El Maraghy AW, Devereaux MW. (2012) A systematic review and comprehensive classification of Pectoralis major tears.  J Shoulder Elbow Surg. Mar;21(3):412-22

Elliot, B., Wilson, G., Kerr, G. (1989) A Biomechanical Analysis of the Sticking Region in the Bench Press.  Journal of Medicine and Science in Sports and Exercise. 20(4). https://www.researchgate.net/profile/Bruce_Elliott/publication/20377649_A_biomechanical_analysis_of_the_sticking_region_in_the_bench_press/links/59e49e910f7e9b97fbf07216/A-biomechanical-analysis-of-the-sticking-region-in-the-bench-press.pdf

Guity, M., Sharafat Vaziri, A., Shafiei, H., & Farhoud, A. (2014). Surgical Treatment of Pectoralis Major Tendon Rupture (Outcome Assessment). Asian Journal of Sports Medicine4(6), 129–135. Retrieved from http://search.ebscohost.com.cucproxy.cuchicago.edu/login.aspx?direct=true&AuthType=cookie,ip,cpid&custid=s8419239&db=s3h&AN=97416204&site=ehost-live

Keogh, J., Hume, P., & Pearson, S. (2006). Retrospective injury epidemiology of one hundred one competitive Oceania powerlifters: The effects of age, body mass, competitive standard, and gender. The Journal of Strength & Conditioning Research, 20(3), pp.672-681.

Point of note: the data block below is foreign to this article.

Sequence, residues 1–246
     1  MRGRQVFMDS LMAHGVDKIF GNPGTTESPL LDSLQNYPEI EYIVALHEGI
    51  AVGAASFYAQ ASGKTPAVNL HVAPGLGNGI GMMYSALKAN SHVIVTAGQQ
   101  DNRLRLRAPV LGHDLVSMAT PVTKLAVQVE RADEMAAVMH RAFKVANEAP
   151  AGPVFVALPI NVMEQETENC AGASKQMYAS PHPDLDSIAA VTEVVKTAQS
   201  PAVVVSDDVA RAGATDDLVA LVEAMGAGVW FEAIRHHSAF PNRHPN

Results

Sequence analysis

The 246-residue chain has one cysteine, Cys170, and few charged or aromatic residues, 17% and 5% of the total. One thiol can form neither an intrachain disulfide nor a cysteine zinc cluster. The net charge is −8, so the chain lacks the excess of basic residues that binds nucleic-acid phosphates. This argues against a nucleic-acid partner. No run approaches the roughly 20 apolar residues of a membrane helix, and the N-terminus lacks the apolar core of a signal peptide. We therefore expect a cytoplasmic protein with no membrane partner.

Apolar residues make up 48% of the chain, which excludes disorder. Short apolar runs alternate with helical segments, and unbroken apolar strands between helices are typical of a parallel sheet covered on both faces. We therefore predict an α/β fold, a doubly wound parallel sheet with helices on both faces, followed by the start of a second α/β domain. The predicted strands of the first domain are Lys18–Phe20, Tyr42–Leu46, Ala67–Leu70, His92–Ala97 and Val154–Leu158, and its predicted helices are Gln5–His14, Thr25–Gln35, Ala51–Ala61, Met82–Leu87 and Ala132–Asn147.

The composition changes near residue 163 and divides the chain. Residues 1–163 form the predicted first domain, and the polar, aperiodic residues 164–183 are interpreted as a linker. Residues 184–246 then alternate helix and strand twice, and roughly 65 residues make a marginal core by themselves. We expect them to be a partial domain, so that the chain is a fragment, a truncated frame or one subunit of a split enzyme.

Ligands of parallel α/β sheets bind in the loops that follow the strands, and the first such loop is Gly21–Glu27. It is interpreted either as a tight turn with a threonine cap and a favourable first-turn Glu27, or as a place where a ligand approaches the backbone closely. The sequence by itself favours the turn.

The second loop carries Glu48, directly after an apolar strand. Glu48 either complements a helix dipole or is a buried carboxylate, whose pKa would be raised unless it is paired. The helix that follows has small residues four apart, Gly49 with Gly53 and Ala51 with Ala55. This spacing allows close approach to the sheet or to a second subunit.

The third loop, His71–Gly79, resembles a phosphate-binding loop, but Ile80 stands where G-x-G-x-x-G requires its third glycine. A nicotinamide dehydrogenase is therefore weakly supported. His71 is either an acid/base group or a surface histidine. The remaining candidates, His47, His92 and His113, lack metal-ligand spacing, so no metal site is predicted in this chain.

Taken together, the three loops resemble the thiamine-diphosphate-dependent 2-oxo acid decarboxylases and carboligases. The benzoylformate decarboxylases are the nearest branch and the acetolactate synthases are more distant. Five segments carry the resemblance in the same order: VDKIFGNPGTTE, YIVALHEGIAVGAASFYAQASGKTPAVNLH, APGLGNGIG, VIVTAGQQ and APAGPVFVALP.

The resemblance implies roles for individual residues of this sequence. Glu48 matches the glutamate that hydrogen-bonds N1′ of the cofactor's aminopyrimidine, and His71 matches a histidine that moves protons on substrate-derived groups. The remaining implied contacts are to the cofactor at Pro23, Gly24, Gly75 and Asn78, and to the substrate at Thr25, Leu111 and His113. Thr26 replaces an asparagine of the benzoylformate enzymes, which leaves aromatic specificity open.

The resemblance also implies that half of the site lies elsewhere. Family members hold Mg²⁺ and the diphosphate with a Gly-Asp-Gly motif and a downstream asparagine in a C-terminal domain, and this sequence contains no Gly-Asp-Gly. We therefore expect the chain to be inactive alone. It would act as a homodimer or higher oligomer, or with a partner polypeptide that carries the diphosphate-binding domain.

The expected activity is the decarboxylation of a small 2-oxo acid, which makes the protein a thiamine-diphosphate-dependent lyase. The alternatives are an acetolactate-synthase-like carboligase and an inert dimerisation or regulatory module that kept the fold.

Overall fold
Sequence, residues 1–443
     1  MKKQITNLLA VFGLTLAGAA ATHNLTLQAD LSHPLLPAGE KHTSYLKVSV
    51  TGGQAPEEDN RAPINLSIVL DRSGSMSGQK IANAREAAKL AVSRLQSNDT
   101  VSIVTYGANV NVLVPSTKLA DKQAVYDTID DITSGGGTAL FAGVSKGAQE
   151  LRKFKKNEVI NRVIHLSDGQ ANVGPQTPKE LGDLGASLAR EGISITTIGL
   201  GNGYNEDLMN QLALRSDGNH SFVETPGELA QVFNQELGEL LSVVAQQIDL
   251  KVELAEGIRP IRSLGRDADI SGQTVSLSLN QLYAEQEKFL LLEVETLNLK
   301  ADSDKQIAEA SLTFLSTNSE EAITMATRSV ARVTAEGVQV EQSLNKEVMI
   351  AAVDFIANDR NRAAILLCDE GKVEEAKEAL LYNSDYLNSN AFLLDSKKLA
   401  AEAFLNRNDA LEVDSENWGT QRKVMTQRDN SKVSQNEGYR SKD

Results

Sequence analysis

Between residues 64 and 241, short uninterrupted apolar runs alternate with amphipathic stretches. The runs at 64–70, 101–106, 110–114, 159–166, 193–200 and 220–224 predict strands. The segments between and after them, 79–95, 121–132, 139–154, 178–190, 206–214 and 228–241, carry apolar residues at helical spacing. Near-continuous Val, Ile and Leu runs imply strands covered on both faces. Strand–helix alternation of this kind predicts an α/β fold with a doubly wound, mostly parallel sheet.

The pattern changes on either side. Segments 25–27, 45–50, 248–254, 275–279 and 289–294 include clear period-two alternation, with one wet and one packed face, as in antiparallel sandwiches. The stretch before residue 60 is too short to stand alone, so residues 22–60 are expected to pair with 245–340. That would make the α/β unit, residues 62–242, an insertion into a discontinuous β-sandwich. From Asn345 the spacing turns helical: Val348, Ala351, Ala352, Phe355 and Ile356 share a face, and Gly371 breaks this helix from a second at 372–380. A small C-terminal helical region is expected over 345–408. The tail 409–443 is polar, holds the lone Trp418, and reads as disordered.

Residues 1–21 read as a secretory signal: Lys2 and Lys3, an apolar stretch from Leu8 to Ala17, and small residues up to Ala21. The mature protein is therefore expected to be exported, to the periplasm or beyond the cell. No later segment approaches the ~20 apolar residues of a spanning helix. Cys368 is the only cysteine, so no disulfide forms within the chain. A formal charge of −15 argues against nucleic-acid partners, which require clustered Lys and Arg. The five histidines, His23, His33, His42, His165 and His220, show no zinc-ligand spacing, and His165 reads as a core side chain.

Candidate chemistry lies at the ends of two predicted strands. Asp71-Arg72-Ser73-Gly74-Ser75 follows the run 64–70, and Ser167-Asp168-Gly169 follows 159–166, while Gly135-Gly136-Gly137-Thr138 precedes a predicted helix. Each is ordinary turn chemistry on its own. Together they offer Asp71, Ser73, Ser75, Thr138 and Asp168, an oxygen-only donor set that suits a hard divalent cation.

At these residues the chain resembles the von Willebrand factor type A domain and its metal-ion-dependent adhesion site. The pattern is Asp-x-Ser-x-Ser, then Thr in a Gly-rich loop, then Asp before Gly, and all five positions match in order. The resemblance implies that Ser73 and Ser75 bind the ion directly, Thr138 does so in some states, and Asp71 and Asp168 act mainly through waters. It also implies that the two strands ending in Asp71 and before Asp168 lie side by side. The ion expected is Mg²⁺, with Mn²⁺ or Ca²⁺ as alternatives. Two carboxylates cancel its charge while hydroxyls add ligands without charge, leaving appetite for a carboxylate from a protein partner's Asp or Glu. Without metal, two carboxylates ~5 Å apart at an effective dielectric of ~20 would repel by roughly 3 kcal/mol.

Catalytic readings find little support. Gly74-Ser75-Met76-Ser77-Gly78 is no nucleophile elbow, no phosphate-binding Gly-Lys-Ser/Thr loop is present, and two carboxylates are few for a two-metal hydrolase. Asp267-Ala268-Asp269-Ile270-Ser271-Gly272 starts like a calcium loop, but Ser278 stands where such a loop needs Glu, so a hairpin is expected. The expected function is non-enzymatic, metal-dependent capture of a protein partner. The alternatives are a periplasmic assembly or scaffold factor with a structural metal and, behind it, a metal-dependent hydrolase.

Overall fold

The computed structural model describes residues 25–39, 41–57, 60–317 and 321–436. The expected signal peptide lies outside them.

Kim, J.-S., Kim, M.-H., Ahn, D.-H., & Oh, J.-S. (2019). Comparison of Shoulder Protraction Strength and Electromyography Activity of Serratus Anterior and Pectoralis Major in Subjects With or Without a Winged Scapula. Journal of Sport Rehabilitation28(3), 272–277. Retrieved from http://search.ebscohost.com.cucproxy.cuchicago.edu/login.aspx?direct=true&AuthType=cookie,ip,cpid&custid=s8419239&db=s3h&AN=135355827&site=ehost-live

LEHMAN, G. J. (2005). The Influence of Grip Width and Forearm Pronation/Supination on Upper-Body Myoelectric Activity during the Flat Bench Press. Journal of Strength & Conditioning Research19(3), 587–591. Retrieved from http://search.ebscohost.com.cucproxy.cuchicago.edu/login.aspx?direct=true&AuthType=cookie,ip,cpid&custid=s8419239&db=s3h&AN=18119469&site=ehost-live